DCLA14_Denise_Whitelock_slides

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DCLA14: 2nd International Workshop on Discourse-Centric Learning Analytics at LAK14: http://dcla14.wordpress.com

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DCLA14_Denise_Whitelock_slides

  1. 1. Challenges for Learning Analytics: Visualisation for Feedback Denise Whitelock Institute of Educational Technology The Open University denise.whitelock@open.ac.uk
  2. 2. Learning Analytics and Student Feedback •  Assessment drives learning (Rowntree, 1987) •  Communicating assessment in a meaningful way •  What, when and How? DMW LAK Workshop March 2014
  3. 3. SAFeSEA! Professor Denise Whitelock! Professor John Richardson! ! Professor Stephen Pulman! ! An automated tool supporting! online writing and assessment
 of essays providing! accurate targeted feedback! SAFeSEA: Supportive Automated Feedback for Short Essay Answers http://www.open.ac.uk/researchprojects/safesea/ DMW LAK Workshop March 2014
  4. 4. DMW LAK Workshop March 2014 Grand Challenge representing analysis that can be readily understood
  5. 5. Feedback to prompt Self Reflection •  Analysis must prompt “Advice for Action” •  Self reflective discourse with computer feedback •  Visual representation of feedback can open a discourse between tutor and student •  Prompt peer to peer discourse DMW LAK Workshop March 2014
  6. 6. Don’t forget the Human Reaction DMW LAK Workshop March 2014
  7. 7. DMW LAK Workshop March 2014 www.storiesabout.com www.storiesabout.com/ creativepdp c.mckillop@rgu.ac.uk
  8. 8. DMW LAK Workshop March 2014
  9. 9. Computer Feedback •  Non-judgemental/ objective •  Is not the tutor who marks the final essay •  Feedback can be accessed many times •  Can lead to contact with tutor with more questions DMW LAK Workshop March 2014
  10. 10. Talk Back •  Checking understanding by ‘talk back’ •  Summaries in OpenEssayist •  Key words = key ideas •  http://www.open.ac.uk/ researchprojects/ safesea/ DMW LAK Workshop March 2014
  11. 11. OpenEssayist: What it tells you •  The system’s focus is to present summaries of students’ own work in different ways, to encourage them to reflect constructively on what they have written. •  In other words Open Essayist tells them from its analysis what are the most important or key points in their essay. They can then think about whether that was what they intended to emphasise in their essay. If not then they can make the appropriate changes. •  A very important aspect of the OpenEssayist system is that it will not tell students what to write, or how to rewrite sections of their essay, or even what is correct or incorrect in their essay. DMW LAK Workshop March 2014
  12. 12. OpenEssayist: A tool for reflection •  Different views with distinct roles presented •  The purpose of this feedback is to encourage you •  to reflect on the draft text you submitted, •  to help you consider how your essay is organised, •  how the key terms are being used across the essay •  how they combine to form a cohesive discussion. DMW LAK Workshop March 2014
  13. 13. OpenEssayist: How it gives feedback •  Three aspects of the students’ essays are analysed by the system: •  the structure of the essay (which paragraphs constitute the introduction, the conclusion, the discussion sections, etc.), •  the key words and key phrases of their essay (which are the most important words and phrases, the ones that are most representative of the essay's overall meaning) •  the key sentences of their essay (which are whole sentences that are most representative of the essay's overall meaning). DMW LAK Workshop March 2014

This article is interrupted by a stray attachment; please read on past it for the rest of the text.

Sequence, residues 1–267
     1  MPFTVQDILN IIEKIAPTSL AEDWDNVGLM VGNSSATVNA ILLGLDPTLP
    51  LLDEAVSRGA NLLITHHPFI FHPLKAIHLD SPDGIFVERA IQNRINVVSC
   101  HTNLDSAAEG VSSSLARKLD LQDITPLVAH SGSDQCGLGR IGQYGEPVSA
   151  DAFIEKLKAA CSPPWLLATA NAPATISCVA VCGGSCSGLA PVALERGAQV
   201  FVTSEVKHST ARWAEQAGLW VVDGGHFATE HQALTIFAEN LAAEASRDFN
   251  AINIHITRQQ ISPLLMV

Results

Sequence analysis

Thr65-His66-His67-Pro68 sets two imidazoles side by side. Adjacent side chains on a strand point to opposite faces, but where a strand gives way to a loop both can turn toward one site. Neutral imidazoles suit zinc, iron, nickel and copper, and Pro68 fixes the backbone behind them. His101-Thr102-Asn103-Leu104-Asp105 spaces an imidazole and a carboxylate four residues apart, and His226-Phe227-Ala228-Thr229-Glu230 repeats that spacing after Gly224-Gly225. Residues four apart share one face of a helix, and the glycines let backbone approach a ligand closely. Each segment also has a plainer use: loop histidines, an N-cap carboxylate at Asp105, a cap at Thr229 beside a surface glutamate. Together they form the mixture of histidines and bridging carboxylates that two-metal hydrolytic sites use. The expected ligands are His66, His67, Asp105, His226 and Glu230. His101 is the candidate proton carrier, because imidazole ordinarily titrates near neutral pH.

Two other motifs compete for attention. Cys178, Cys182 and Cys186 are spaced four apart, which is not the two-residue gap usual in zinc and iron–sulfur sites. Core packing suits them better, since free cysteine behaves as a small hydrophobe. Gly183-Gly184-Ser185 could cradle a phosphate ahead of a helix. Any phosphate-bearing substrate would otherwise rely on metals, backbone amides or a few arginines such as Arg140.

14. 14. ESSAY GRAPHICS ANALYSIS
  15. 15. Key Sentences •  Do you think OpenEssayist identified the parts of your assignment correctly? •  Did it find the introduction and conclusion and main text? •  If not, why do you think that happened? •  Is anything missing from your essay? DMW BUiD January 2014
  16. 16. Key Words •  Are you surprised about any of the words in the top row? •  Do you think some important words are missing? DMW BUiD January 2014
  17. 17. Overview •  All the analyses i.e. keywords and summaries are shown on the main text •  The results of individual analysis are shown together •  Note where key words and key sentences appear in your essay DMW BUiD January 2014
  18. 18. Think about the structure of the essay •  Think about whether the key words identified by OpenEssayist are the ones you need to answer the question in your assignment. If they appear in the introduction, are they helping the reader to understand that this is what you are going to be writing about in the main text? •  Are the key words in the conclusion similar to those in the rest of the text but provide a summary of your answer? •  Can you pick out the three biggest words or phrases? DMW BUiD January 2014
  19. 19. Hints when using the system •  Do you agree with OpenEssayist that these sentences are a good summary of your assignment? •  Are any important ideas that you want to convey missing from this summary? •  Are there lots of sentences in the summary that are about something that you think is unimportant or irrelevant to your assignment? •  Do you think there are important themes in your assignment? Are they mentioned in your draft? •  Do you think the introduction section as recognised by OpenEssayist is about the right size, or has OpenEssayist go it wrong? •  Do you think you should try to lengthen the introduction? Or the conclusion? •  Is your draft long enough? Too short? DMW BUiD January 2014